The second is O: Own the Leadership Agenda
One of the biggest areas you impact the business is in your ability to help select, coach, and develop leaders. More than 87% of companies rate “gaps in their leadership pipeline” as a critical business issue and the challenges of leadership are a perennial problem.
Today, as Millennials make up the largest segment of the workforce, we have to think about leadership from the bottom up. First line leaders (who typically make up 40% or more of the leaders in your company) are continuously under stress as they learn their new role. If you take the time to coach and develop leaders early in their career you build brand ambassadors for life.
Facebook, for example, has a business rule: a movement into leadership will not be a promotion. This simple idea helps make sure that people who move into team leadership or managerial roles are doing it because they truly want to add value through the success of others. We, in HR, have to constantly focus on helping the company identify great leaders and make sure the organization understands that leadership is not a destination, but rather a journey.
Today there are literally hundreds of vendors, models, and consultants to help you build great leaders. Bold HR means you innovate, identify the characteristics of great leaders in your own company, and build a leadership development program that speaks to your own company’s culture.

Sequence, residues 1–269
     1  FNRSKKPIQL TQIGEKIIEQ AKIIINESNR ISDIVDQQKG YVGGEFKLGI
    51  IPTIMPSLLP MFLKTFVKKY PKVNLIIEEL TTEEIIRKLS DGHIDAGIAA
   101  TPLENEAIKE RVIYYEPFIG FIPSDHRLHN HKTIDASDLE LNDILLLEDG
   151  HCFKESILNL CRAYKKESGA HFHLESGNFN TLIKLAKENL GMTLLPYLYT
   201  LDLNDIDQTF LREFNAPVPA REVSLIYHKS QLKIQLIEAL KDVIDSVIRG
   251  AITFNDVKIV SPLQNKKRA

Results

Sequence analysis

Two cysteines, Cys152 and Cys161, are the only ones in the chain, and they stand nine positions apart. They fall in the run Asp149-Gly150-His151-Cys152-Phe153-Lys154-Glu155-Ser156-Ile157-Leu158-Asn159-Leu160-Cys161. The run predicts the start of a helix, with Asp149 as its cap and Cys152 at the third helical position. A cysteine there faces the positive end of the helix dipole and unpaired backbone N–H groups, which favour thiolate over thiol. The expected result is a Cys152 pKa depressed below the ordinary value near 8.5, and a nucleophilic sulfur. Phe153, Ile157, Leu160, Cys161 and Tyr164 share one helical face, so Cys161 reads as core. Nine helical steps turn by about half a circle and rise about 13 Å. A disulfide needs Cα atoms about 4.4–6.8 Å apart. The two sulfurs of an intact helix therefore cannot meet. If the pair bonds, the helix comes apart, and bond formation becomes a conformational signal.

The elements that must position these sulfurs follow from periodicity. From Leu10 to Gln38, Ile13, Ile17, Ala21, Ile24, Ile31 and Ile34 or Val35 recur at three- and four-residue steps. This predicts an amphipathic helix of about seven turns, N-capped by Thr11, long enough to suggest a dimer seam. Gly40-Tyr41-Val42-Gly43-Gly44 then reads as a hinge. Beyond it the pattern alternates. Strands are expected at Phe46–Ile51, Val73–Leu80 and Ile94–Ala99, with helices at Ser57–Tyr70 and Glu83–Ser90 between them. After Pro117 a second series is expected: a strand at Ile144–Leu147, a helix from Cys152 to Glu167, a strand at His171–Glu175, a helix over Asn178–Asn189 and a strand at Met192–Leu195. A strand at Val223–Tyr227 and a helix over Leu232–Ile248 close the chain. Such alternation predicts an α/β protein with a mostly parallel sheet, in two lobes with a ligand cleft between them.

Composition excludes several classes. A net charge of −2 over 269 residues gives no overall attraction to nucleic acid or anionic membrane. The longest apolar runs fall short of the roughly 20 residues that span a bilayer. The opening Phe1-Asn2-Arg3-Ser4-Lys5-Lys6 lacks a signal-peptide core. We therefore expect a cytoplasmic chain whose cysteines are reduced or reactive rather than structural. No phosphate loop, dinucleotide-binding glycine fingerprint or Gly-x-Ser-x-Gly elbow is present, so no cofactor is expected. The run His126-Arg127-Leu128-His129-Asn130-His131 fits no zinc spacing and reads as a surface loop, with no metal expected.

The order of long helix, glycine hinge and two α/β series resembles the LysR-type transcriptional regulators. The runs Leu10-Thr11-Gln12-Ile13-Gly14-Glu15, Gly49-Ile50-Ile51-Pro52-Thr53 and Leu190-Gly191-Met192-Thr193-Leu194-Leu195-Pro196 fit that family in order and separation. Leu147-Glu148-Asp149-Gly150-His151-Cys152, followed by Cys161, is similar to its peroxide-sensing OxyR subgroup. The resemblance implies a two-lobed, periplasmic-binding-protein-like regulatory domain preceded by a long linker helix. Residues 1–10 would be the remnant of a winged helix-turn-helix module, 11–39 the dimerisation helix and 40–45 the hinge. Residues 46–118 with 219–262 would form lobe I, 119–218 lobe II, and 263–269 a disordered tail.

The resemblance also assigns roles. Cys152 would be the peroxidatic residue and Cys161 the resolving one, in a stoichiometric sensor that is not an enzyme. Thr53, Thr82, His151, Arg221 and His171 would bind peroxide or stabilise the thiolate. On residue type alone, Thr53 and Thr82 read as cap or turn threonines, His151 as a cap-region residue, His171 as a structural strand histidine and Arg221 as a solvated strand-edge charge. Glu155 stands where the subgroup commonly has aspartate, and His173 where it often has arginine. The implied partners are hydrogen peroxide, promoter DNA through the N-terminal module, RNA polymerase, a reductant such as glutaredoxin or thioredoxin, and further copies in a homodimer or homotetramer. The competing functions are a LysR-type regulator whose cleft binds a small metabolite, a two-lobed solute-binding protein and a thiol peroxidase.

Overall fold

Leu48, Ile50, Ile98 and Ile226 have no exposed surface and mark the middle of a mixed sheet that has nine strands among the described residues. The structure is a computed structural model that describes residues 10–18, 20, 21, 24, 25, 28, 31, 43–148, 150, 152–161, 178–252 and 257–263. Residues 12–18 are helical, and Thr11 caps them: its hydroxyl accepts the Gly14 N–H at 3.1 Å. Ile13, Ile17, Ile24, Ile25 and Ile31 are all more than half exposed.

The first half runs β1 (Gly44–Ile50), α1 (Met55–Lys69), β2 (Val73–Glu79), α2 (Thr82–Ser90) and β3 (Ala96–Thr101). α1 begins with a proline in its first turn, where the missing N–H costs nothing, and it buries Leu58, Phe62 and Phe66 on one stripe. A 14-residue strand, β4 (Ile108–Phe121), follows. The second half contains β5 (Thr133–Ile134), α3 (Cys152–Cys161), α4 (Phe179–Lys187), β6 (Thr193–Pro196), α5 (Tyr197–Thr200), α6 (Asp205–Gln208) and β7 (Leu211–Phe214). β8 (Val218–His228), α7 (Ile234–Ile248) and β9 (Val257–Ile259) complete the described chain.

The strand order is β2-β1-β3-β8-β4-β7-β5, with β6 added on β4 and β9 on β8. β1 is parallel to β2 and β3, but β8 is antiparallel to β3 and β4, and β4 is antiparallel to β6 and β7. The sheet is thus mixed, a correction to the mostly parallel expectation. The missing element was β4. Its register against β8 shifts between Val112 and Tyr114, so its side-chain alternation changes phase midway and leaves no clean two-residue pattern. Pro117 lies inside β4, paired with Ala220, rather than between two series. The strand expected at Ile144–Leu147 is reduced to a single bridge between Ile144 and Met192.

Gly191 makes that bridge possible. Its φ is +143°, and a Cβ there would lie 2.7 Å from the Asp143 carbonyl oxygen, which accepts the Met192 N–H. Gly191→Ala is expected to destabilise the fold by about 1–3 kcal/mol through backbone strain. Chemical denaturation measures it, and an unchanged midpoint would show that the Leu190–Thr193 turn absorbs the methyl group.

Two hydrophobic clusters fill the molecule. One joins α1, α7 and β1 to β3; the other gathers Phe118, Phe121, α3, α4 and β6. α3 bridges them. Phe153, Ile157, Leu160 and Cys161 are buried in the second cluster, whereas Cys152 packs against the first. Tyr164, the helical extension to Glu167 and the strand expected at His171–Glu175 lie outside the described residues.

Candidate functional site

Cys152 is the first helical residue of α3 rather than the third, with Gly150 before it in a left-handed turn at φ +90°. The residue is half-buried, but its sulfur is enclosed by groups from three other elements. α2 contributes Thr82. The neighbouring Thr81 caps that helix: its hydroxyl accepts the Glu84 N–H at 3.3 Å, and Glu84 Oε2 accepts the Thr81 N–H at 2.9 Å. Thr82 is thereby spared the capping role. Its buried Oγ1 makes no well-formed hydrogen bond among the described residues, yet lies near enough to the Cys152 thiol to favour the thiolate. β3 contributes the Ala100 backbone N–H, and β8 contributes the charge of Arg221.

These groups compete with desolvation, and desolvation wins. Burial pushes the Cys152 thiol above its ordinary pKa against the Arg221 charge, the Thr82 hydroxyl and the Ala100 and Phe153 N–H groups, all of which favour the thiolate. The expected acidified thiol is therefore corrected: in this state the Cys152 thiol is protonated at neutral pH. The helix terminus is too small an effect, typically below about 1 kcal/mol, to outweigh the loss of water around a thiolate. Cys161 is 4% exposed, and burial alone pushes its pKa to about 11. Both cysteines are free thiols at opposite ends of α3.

Third: L – Leverage Learning Everywhere
The third part of Bold HR is to focus heavily on learning.
Income inequality and the fast-growing economy has shown that now, more than ever, people are in a mad scramble for skills to help them improve their professional careers. MOOCs, video learning portals, online learning academies, and learning marketplaces are everywhere. (LinkedIn just acquired Lynda.com for $1.5 Billion, 10-times sales.) This disruptive growth in online learning has forced corporate learning departments to catch up ahead.
Today HR organizations must reinvest in learning and provide engaging, relevant learning experiences (and assignments) to employees at all levels. Millennials expect developmental assignments and job rotations every year, and most companies are struggling to redesign their strategies to make this work.
Fourth: D – Demand data.
The fourth dimension to Bold HR is to get good at data.
Listen, we in HR are the last part of business that hasn’t totally gotten our data act together. Nobody would run finance or sales without good data, so now it’s time to do the same with HR.
This new area of People Analytics is far more serious than the “HR Analytics” we’ve done in the past. As one of our top HR leaders put it, we have to “spend time where the money is being made”
We are being asked to directly advise on critical business questions:
- Why some sales are teams outperforming others?
- Why do we lose certain high performers?
- Why do some nursing units or service teams deliver better outcomes?
- And why do some parts of the organization suffer from higher fraud or errors than others?
The answer to all these questions lies in people analytics, and that is our bold new charter for the coming years.
And One Final Thing
Let me leave you with the most important element of all: YOU.
You and your HR leadership have to “be bold.”
This is really an exciting time for the HR profession. The global economy is growing, recruitment is more competitive than ever, and a new generation of workers is demanding opportunities and changes to the way we work. Now, more than ever, is the time for HR to be bold, reinvent, and lead our organizations into the new world of work.